What are the types of SSL certs?

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What are the types of SSL certs and what are their functions / relationships? (i.e. intermediate certs, etc)
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Distinguished Expert 2017

Commented:
Trusted,  ROOT
intermediate Root Signed and is there by trusted
end user "refelcts" the user/service. But the authenticity is based on the process the signing entity goes through to verify that the person applying for the certificate is who they say they are and represent what they say they represent.

I.e a person presenting a State issued document is presumed to be who they say they are given it is a State issued document.  If a person presents a school ID, the school is somewhat similar to an intermediate i.e. recognized by the State and thereby derives its credibility from the state.  If someone presents a school ID from a school you've never heard of, you will likely be more suspicious of whether the person is who they say they are.

As far as types, there are too many to enumerate, but can easily be found when searched.
Trusted, intermediate, subordinated.
Code, user, Web sites, etc.

The end result is the same to convey that who ever presents is who/what/and come from an entity represented in the certificate.
Top Expert 2014

Commented:
I agree with Mod_MarlEE, seems like a homework question.

TLS V1 standard: http://www.ietf.org/rfc/rfc2246.txt

Baed on SSL V3, SSL was developed by NetScape TLS is the RCF'ed public version of SSL.

Author

Commented:
Moderator- im troubleshooting an issue. Specifically, what would cause a server to fail to send a server hello in response to a client hello while using SSL but not TLSv1, SSLv2, or SSLv3...

All others- what are the relationships between the different type of certs? Do they interact together or do they serve different purposes?
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HonorGodSoftware Engineer

Commented:
Q: Do they interact together?
A: No

Q: do they serve different purposes?
A: No

All of the certs are used to identify the client and server in the communication.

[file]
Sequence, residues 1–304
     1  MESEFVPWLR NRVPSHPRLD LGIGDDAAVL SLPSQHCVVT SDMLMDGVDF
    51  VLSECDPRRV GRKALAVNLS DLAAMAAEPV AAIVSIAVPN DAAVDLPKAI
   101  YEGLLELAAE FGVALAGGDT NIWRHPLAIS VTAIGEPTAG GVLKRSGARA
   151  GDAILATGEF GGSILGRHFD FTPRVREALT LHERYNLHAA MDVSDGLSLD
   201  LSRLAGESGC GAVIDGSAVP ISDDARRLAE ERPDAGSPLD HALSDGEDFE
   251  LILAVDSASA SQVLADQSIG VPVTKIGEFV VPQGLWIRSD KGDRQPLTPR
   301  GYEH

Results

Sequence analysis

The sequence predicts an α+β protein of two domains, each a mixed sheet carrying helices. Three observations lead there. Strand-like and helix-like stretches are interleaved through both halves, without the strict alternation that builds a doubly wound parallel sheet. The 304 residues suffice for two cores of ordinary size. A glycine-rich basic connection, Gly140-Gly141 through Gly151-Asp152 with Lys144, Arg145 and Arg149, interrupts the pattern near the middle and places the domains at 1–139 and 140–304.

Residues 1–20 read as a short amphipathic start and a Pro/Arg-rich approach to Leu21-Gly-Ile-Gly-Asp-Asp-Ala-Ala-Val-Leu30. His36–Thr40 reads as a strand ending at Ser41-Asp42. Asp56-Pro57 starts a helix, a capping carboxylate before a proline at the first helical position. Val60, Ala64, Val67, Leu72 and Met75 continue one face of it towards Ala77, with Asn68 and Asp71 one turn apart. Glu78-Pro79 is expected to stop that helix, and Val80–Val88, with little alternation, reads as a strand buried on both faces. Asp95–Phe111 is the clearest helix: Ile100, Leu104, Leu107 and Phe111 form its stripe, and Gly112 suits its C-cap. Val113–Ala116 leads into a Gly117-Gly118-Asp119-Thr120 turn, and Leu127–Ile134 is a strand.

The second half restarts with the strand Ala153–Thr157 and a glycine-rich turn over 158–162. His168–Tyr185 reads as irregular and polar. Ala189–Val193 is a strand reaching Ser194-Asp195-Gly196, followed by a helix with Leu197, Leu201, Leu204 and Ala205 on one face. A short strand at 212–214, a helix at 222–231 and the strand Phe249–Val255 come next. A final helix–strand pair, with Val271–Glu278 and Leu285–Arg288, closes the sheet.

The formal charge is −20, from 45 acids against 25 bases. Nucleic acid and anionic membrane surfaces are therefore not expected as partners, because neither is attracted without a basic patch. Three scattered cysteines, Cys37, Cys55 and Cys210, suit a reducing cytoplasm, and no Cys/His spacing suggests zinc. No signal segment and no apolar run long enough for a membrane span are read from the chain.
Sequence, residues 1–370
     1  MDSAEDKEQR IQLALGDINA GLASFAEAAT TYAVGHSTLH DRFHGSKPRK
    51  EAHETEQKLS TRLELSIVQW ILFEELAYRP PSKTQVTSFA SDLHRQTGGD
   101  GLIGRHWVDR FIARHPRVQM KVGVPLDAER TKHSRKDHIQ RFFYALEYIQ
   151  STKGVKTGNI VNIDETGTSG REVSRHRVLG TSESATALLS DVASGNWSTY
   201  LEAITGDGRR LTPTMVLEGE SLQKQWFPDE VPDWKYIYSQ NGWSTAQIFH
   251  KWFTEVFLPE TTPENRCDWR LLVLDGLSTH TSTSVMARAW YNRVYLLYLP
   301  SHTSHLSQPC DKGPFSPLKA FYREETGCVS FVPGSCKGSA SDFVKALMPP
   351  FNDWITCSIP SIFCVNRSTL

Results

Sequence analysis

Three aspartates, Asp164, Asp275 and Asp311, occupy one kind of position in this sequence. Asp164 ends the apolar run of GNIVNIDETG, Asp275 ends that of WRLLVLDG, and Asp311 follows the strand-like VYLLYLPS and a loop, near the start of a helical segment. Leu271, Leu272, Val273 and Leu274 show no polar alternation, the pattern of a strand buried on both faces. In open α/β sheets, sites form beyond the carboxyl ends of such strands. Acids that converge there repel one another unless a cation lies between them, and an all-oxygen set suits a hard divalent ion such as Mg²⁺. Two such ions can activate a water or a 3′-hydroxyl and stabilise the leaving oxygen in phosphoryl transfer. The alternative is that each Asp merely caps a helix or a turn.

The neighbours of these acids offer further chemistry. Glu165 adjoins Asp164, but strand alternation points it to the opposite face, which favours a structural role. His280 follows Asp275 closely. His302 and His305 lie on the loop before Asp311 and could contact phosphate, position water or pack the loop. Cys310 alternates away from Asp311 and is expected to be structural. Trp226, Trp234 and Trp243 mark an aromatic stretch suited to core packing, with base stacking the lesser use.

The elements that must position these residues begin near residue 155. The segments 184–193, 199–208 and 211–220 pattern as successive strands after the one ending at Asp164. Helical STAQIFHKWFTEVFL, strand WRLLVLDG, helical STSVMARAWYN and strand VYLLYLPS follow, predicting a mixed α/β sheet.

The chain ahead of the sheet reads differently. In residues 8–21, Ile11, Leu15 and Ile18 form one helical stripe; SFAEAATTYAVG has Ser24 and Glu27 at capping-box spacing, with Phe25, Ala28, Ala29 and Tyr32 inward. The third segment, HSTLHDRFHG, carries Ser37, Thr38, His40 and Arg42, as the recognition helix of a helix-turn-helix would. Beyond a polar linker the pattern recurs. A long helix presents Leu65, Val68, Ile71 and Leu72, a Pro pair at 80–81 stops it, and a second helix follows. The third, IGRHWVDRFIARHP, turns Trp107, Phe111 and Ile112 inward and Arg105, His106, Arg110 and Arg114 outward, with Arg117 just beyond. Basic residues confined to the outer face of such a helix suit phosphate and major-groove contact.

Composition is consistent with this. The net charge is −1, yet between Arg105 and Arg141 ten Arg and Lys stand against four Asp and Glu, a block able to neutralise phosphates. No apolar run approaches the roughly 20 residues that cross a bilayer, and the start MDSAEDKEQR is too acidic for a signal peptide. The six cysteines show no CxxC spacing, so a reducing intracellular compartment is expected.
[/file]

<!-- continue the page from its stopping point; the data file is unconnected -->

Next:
It is similar in concept to using a "pass phrase" when a telephone call is made.
The Caller asks a question - the Recipient must respond correctly, then the Recipient asks a question, and the Caller must respond correctly.  That way, each side can have some level of trust that the "person" on the other end of the call is who they say they are...

Q: What's the difference between the different certs?
A: Consider the situation where multiple SSL certificate protocols are supported, each can have it's own certificate.

Author

Commented:
HonorGod - If I understand you correctly, then each different SSL cert is responsible for a different protocol.

Therefore, is it safe to assume that if TLSv1.0, SSLv2, and SSLv3 function normally, but the server fails to send a "Server Hello" in response to the client's "Client Hello" via SSL... then the certs responsible for TLSv1.0, SSLv2, and SSLv3 might be installed correctly, while the cert responsible for SSL is not correctly installed?
Top Expert 2014

Commented:
Then what is the server?

What is the client?
HonorGodSoftware Engineer

Commented:
Q: but the server fails to send a "Server Hello" in response to the client's "Client Hello" via SSL... then the certs responsible for TLSv1.0, SSLv2, and SSLv3 might be installed correctly, while the cert responsible for SSL is not correctly installed?

A: It is really had to say exactly what is occurring without a trace.  Are we talking about an application program (as the client) sending the "Client Hello" message to the server?

As giltjr said, "what is the client"?  Is it an application, or a browser?
And what is the server?  is it a web server, or an application, or an application server behind a web server?

Top Expert 2014

Commented:
If this is a trouble shooting issue, then you really should have one question.